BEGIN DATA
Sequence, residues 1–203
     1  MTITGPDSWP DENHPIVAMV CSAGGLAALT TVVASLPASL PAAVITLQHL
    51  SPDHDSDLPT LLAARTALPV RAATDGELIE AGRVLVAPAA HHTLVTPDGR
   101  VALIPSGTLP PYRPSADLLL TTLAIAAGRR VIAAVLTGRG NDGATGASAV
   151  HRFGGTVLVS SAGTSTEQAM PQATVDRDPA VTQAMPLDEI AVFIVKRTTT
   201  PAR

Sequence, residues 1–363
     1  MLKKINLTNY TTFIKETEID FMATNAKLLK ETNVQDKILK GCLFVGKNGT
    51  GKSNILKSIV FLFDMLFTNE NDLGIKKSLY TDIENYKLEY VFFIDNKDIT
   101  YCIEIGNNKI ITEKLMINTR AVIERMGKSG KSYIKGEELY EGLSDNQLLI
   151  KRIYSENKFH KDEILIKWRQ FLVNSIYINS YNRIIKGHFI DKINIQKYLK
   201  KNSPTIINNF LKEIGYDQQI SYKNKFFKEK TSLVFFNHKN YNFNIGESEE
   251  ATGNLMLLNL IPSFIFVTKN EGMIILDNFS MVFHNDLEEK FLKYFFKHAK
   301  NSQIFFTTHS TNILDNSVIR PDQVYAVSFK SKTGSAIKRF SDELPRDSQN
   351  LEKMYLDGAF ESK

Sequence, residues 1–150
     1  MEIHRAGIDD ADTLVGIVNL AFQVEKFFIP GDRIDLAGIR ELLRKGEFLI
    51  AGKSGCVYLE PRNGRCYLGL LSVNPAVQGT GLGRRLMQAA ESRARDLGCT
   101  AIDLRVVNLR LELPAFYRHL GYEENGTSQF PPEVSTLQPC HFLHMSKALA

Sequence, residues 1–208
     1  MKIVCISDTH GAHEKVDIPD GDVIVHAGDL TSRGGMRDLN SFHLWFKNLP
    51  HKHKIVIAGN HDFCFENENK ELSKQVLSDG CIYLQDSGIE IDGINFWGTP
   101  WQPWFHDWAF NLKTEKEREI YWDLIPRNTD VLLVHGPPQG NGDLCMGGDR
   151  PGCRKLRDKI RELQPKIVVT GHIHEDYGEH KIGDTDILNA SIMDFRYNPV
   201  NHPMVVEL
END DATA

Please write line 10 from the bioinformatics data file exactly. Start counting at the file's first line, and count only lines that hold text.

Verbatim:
   101  YCIEIGNNKI ITEKLMINTR AVIERMGKSG KSYIKGEELY EGLSDNQLLI